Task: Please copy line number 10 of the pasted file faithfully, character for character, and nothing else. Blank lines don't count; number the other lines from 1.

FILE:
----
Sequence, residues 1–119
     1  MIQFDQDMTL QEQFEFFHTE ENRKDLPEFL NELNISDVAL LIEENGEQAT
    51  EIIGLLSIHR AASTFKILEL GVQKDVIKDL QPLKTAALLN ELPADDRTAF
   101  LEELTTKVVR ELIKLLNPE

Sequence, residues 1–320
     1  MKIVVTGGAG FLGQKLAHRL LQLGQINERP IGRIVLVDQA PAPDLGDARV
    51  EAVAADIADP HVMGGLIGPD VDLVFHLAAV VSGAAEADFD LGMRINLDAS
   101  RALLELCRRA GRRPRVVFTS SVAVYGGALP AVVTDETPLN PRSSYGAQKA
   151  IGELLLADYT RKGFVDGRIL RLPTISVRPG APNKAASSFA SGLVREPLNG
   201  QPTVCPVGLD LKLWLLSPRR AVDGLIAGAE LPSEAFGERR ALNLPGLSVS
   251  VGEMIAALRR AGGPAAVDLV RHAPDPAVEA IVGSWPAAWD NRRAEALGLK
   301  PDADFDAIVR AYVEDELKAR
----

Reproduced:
   201  QPTVCPVGLD LKLWLLSPRR AVDGLIAGAE LPSEAFGERR ALNLPGLSVS